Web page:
We are so excited to be reviewing Christopher Rice’s new supernatural thriller The Heavens Rise. We were also able to interview Christopher. This seemed like such a perfect fit for the Halloween season! Details on how to enter to win a copy of Heavens Rise at the end of this post.

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by Lorie Lewis Ham


I didn’t get into mysteries until my late teens through Sherlock Holmes and Agatha Christie. In my early 20s, I was ready to check out some more current authors and went on a search. Carolyn Hart’s Death On Demand series was one of the first to catch my eye–the setting of a mystery bookstore sounded wonderful–and it was. Now all these many years later her 23rd book in the series, and her 50th published book, Dead, White and Blue, is out!

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by Lorie Lewis Ham



Discovering a brand new author whose work you fall in love with is always a treat and that has been the case with Between, an urban fantasy novel by Kerry Schafer. The plot sounded interesting and different so I decided to say yes when asked to review it–it was that and much more.

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by Theodore Feit
& Lorie Lewis Ham



The eighth Maggie MacGowen Mystery finds our protagonist in a funk. She’s still depressed after the death of her homicide detective husband, Mike, less than a year ago. Then the investigative filmmaker learns that her TV series is being cancelled by the network. At loose ends, until she finds her next gig, she accepts a one-semester contract at a local community college to teach a few film editing courses.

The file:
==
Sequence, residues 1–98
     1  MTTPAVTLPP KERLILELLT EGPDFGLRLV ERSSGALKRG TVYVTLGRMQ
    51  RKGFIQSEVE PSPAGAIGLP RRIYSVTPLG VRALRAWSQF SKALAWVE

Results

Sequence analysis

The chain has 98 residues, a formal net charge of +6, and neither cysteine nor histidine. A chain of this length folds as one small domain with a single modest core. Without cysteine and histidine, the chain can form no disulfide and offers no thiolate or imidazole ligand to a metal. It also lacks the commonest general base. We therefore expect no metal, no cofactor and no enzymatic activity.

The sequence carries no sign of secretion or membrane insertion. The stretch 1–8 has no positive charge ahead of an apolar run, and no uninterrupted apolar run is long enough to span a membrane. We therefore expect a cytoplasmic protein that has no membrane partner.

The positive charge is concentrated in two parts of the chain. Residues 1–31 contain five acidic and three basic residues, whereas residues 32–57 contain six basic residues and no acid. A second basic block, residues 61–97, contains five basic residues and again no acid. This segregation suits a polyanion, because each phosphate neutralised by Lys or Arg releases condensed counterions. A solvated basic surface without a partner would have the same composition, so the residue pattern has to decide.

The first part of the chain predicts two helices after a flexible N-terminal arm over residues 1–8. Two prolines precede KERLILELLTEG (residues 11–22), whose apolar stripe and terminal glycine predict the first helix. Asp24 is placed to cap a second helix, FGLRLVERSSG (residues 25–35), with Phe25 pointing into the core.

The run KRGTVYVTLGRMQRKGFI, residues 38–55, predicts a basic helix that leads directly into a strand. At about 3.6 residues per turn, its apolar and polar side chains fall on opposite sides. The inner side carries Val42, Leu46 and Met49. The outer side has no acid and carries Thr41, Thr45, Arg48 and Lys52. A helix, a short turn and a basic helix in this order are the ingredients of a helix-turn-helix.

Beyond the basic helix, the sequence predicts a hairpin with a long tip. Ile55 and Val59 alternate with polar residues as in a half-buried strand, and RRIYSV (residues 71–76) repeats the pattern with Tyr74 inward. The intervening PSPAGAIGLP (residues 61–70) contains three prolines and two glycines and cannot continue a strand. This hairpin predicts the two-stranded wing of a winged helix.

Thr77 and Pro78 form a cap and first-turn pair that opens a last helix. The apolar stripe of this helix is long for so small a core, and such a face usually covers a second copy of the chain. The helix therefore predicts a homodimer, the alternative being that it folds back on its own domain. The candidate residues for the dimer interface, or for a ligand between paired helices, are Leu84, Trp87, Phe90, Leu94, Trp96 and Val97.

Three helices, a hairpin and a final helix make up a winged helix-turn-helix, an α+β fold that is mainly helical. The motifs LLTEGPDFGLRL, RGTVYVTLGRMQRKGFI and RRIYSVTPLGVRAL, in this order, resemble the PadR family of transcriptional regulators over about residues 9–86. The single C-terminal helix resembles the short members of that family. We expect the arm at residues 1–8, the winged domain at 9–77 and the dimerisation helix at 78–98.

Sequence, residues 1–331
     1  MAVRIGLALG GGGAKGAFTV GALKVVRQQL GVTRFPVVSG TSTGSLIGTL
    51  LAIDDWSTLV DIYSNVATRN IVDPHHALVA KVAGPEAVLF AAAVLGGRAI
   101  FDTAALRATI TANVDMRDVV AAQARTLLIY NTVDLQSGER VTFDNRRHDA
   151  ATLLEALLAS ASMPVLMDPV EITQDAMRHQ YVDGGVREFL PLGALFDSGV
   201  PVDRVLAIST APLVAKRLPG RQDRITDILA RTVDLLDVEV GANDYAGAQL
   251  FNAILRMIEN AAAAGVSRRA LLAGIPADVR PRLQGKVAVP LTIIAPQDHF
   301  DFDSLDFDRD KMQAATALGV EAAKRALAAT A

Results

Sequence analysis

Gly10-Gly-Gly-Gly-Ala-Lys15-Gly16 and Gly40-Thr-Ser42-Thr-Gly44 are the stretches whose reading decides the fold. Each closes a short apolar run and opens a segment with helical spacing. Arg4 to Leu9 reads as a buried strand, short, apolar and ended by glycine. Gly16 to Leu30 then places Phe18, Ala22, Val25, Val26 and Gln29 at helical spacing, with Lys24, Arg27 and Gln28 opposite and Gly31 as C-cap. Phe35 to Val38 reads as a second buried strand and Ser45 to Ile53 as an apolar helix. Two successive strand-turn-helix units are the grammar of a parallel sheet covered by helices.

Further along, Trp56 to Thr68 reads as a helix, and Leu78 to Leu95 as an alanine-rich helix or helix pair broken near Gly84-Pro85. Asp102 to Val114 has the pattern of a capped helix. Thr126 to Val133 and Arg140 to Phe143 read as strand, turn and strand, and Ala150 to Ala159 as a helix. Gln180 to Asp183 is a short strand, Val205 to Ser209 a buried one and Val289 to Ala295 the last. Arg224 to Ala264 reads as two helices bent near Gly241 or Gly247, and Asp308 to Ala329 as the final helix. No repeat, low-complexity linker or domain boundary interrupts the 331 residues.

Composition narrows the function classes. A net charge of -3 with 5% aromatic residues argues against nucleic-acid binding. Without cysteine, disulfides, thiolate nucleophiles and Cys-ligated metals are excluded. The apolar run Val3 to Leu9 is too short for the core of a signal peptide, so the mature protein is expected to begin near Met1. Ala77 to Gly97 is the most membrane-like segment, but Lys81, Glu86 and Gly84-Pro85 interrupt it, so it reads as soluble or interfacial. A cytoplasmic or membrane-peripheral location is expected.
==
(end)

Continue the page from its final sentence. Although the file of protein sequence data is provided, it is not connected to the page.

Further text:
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by Jesus Ibarra
& Lorie Lewis Ham


I generally love books that deal with the Judeo-Christian mythos if they aren’t preachy, and more so when they introduce new ideas about the established mythos. My favorites though are those that have something to say and use the model of the mythos as the tool. Unfortunately, The Dirty Streets of Heaven isn’t one of those. But it is still a good book. It just leans more towards the straight fiction side with a driving mystery, tough main character, and a gritty setting.

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by Sunny Frazier
& Lorie Lewis Ham



Think Taylor Swift in Fresno. That’s the image I conjured up by the description Jeffery Deaver gives of Kayleigh Towne, a country Western singer from our neck of the woods.

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by Terrance Mc Arthur


Harper Blaine has died—several times—and has become a Greywalker, able to see into and travel through the Grey between this world and the next with spirits and other creatures. In Seawitch, the seventh of Kat Richardson’s paranormal series, the insurance investigator must solve the mysterious reappearance of the Seawitch, a boat that has been missing for 27 years. All hands were lost…or were they…and were they all human?

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To Write Love On Her Arms

IN THE September 8 ISSUE

FROM THE 2012 Articles,
andAshley Brandon,
andMental Health,
andTeens
SECTIONS

by Ashley Brandon



Suicide. Scary word, right? Every year over 36,000 people take their own lives. Every 15 minutes someone commits suicide in the United States alone. That’s a little over one hundred people a day and that does not include failed attempts.